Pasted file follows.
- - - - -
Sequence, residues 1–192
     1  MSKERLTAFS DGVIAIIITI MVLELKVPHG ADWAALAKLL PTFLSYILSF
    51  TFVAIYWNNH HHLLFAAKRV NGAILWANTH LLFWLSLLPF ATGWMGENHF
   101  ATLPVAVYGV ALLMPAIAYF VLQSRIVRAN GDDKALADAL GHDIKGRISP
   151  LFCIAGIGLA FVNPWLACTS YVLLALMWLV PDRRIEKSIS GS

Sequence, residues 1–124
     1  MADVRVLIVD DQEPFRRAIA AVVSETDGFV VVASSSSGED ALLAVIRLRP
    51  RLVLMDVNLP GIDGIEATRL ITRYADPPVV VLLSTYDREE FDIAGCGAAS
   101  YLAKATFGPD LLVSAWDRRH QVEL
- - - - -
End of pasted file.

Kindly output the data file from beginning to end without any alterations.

Sequence, residues 1–192
     1  MSKERLTAFS DGVIAIIITI MVLELKVPHG ADWAALAKLL PTFLSYILSF
    51  TFVAIYWNNH HHLLFAAKRV NGAILWANTH LLFWLSLLPF ATGWMGENHF
   101  ATLPVAVYGV ALLMPAIAYF VLQSRIVRAN GDDKALADAL GHDIKGRISP
   151  LFCIAGIGLA FVNPWLACTS YVLLALMWLV PDRRIEKSIS GS

Sequence, residues 1–124
     1  MADVRVLIVD DQEPFRRAIA AVVSETDGFV VVASSSSGED ALLAVIRLRP
    51  RLVLMDVNLP GIDGIEATRL ITRYADPPVV VLLSTYDREE FDIAGCGAAS
   101  YLAKATFGPD LLVSAWDRRH QVEL